From the childhood memories of Dave: “Rusty is the last one in the world to call someone else silly. I remember one time he decided to make himself a meal. So we got a piece of bread and he proceeded to put anything and everything that was edible on top of that piece of bread and ate the whole thing, stood out on the rock and belched loud enough so people on red Hill could hear him, I’m sure. He was a character, a funny guy.”

Just the same, there is a great truth in what he says about going through with a task by using the imagination. Purposely shutting your mind to any consideration of the unpleasant aspects of something that has to be done will enable one to do the impossible. Rusty seems to have developed this imagination faculty to a remarkable degree.

Back where reference is made to Larry being a Mason reminds me of something, Ced, which I have been going to suggest to you for some time but have never happened to think of it when writing, and that is to ask if there is a Masonic Lodge in Anchorage and do you know, fairly well, any of the members? I am sure you would enjoy masonry very much and would take a great interest in it – – more so than any of the other boys. If you ever have the chance and the slightest inclination I would suggest serious consideration of it.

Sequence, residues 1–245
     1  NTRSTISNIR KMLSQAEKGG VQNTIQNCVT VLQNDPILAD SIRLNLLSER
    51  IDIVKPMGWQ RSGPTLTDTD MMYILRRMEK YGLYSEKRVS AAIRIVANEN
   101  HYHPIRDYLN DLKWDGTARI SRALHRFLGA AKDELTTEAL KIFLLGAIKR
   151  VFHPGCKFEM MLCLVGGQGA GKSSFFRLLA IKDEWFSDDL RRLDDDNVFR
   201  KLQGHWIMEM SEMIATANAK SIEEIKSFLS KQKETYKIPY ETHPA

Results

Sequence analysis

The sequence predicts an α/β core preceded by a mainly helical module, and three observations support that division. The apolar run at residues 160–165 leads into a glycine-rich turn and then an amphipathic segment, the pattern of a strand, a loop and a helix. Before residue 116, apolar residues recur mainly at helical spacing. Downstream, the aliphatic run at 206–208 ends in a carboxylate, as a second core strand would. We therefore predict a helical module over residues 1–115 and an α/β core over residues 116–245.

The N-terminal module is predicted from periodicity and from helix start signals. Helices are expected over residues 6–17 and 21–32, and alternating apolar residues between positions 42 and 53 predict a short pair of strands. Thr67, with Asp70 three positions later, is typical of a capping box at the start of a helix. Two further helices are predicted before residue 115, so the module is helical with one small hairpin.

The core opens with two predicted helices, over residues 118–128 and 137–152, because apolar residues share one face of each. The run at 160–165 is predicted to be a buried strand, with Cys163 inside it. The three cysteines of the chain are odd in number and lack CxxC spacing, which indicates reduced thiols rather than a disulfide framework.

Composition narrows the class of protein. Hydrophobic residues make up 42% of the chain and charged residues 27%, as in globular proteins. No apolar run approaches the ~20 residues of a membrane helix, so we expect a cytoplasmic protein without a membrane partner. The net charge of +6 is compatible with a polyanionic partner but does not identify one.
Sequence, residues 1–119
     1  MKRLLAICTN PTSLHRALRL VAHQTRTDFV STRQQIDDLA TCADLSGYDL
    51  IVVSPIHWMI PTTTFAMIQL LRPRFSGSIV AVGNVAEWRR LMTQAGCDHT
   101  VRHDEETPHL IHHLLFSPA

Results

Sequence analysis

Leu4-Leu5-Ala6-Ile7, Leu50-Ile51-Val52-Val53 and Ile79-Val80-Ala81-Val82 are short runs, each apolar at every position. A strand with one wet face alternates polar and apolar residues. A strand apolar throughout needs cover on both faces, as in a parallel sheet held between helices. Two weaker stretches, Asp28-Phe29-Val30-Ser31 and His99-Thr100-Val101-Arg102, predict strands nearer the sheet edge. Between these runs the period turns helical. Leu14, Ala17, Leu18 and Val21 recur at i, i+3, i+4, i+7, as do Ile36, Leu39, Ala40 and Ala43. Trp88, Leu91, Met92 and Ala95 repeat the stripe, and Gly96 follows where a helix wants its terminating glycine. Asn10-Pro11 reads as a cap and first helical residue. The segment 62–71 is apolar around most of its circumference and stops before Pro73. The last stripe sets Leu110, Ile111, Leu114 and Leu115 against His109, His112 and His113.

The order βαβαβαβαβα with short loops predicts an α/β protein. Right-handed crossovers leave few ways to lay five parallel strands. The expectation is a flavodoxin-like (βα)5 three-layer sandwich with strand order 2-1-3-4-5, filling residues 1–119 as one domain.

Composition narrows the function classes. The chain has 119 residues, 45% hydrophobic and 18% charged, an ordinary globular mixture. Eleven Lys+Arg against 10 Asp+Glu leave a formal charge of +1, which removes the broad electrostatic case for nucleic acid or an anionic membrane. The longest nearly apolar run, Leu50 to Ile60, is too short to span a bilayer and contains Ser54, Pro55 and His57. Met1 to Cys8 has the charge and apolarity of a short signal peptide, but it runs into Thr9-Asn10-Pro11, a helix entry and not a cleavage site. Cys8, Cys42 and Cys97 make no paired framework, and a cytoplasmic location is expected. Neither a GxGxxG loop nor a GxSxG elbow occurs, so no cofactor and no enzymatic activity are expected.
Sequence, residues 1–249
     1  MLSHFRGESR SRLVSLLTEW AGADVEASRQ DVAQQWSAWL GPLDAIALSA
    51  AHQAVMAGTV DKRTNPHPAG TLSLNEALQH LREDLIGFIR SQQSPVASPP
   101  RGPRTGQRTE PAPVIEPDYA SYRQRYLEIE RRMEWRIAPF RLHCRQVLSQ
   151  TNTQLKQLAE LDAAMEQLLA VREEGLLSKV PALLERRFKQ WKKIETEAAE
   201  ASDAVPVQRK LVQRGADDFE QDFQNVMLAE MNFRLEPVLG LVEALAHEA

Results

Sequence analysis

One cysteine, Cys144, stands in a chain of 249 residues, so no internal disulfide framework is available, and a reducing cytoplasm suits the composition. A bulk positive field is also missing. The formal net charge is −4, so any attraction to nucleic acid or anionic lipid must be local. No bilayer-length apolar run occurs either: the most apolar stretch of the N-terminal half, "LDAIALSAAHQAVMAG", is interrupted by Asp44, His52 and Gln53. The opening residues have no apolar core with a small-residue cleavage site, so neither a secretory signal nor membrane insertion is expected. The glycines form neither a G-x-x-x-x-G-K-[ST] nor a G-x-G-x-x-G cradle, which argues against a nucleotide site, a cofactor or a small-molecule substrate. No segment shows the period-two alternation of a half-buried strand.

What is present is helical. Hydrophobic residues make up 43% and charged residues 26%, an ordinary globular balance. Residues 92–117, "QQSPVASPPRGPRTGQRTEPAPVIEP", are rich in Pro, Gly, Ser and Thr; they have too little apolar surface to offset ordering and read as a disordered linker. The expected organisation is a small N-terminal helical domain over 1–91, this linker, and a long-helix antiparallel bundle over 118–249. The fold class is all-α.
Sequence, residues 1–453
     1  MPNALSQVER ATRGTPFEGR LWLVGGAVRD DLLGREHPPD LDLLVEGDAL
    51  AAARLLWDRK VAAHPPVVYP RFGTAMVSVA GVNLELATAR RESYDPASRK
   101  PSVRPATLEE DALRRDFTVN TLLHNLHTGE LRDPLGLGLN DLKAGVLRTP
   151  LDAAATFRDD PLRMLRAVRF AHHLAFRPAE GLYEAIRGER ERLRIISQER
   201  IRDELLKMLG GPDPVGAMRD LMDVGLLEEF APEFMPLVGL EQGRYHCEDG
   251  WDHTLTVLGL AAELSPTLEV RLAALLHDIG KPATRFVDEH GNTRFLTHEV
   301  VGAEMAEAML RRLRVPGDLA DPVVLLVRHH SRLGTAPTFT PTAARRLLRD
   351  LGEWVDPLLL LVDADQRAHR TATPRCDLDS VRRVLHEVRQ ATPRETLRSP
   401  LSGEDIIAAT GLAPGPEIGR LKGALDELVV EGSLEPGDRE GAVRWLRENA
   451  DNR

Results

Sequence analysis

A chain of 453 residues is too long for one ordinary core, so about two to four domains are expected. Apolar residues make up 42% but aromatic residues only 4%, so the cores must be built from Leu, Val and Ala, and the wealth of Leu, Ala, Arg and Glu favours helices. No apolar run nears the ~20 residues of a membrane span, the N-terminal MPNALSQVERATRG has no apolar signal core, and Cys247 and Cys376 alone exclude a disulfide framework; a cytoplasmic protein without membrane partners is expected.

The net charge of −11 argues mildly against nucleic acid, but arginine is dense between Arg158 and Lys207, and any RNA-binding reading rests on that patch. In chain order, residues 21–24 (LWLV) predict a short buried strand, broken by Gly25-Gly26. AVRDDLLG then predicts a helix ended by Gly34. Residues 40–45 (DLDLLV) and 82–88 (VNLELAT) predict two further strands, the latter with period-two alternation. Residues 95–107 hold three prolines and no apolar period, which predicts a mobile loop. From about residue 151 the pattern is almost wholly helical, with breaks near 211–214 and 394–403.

No word yet from Lad but the time is drawing near when a letter from overseas is about due if he sailed when we expect he did.

Catherine told me last night that as Paul is expected to be stationed for 18 months in Oklahoma, he has applied to Washington for permission to bring his family out there and in that case, Catherine plans to sell the car to raise car fare, which will leave the apartment minus a tenant. Of course nothing is certain yet but she should know definitely by the end of the month whether permission has been granted or not.

Well, my hearties, I cannot say that I am imbued with the Christmas spirit, but I hope that as the day draws nearer, in spite of the fact that none of you will be home for that festival for the first time in our lives, I may recapture some of the old spirit, particularly with the girls here and possibly Butch and Marty present to put more meaning into the day. Be that as it may, perhaps this letter may not reach some of you before that day, so I give you what is deep in all our hearts here – – hopes and best wishes, particularly from

DAD

I’ll finish out the week with another of Grandpa’s letters addressed to T/3, T/4, T/5, Sergeant and Chief Ski Instructor. Judy Guion

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4 thoughts on “Army Life – Dear Fugitives (2) – Excerp From Rusty’s Letter To Ced – Dec., 1944

  1. Mrs. P says:

    Great insight on Rusty’s Alaska times. Good Life lesson about handling things that are unpleasant.

    • jaggh53163 says:

      Mrs. P. – Rusty was an independent spirit. He lived life to the fullest and was still painting, I believe, when he passed away at 91. What an inspiration to us all.
      Grandpa drew inspiration from everyday aspects of life and was quick to pass them along. He was full of encouragement and advice and I benefited from it immensely.